Female aggression towards other females is associated with reproduction in many taxa, and traditionally thought to be related to the protection or provisioning of offspring, such as through increased resource acquisition. However, the underlying reproductive factors causing aggressive behaviour in females remain unknown. Here we show that female aggression in the fruit fly Drosophila melanogaster is strongly stimulated by the receipt of sperm at mating, and in part by an associated seminal fluid protein, the sex peptide. We further show that the post-mating increase in female aggression is decoupled from the costs of egg production and from post-mating decreases in sexual receptivity. Our results indicate that male ejaculates can have a surprisingly direct influence on aggression in recipient females. Male ejaculate traits thus influence the female social competitive environment, with potentially far-reaching ecological and evolutionary consequences.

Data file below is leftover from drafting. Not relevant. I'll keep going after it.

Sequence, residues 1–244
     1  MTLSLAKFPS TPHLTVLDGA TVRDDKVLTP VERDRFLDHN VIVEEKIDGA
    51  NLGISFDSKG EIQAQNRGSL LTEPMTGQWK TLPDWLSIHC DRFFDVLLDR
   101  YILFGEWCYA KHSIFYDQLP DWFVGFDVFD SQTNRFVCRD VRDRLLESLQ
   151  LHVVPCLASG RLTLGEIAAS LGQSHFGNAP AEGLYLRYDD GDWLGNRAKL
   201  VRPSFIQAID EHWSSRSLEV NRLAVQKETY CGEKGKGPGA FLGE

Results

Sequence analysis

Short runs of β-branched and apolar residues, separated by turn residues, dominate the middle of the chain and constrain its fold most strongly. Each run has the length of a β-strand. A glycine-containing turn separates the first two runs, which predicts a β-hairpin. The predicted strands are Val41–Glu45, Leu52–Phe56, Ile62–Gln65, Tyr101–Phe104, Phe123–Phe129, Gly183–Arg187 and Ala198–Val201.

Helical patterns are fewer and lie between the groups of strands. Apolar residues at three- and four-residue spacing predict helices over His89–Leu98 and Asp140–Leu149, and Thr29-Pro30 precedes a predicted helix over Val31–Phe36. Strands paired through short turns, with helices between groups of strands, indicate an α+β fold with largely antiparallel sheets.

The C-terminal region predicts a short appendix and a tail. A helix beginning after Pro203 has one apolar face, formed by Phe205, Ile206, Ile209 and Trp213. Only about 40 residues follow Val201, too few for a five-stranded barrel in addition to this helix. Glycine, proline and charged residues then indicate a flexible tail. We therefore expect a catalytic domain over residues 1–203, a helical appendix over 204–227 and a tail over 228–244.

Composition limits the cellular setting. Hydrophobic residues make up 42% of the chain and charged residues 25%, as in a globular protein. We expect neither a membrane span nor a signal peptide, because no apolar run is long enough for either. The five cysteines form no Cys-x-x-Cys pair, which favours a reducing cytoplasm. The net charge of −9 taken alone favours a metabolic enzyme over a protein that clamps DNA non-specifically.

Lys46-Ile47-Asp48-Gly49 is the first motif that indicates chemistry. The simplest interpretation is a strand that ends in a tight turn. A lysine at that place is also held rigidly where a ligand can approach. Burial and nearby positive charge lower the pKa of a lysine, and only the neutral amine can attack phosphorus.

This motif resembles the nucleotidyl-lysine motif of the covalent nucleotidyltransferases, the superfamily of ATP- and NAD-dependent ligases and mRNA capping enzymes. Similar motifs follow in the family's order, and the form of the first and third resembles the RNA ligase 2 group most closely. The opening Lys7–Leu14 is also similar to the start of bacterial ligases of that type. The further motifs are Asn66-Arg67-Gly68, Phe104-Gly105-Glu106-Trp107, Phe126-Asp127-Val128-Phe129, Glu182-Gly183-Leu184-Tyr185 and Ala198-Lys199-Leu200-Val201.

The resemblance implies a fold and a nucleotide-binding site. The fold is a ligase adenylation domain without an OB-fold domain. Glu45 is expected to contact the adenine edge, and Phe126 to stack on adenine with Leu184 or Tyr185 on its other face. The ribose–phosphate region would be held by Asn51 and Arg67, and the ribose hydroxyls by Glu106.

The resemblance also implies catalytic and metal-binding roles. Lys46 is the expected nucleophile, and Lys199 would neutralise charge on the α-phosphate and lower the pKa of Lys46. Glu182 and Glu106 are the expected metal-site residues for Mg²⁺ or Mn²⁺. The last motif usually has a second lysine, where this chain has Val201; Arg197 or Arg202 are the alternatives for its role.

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This study was funded by NERC (NE/J018937/1) and BBSRC (BB/K014544/1) fellowships to S.W. and scholarships from the Rhodes Trust and St John’s College, Oxford to E.B.
The authors declare no competing financial interests.
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Bath, E., Bowden, S., Peters, C. et al. Sperm and sex peptide stimulate aggression in female Drosophila. Nat Ecol Evol 1, 0154 (2017). https://doi.org/10.1038/s41559-017-0154
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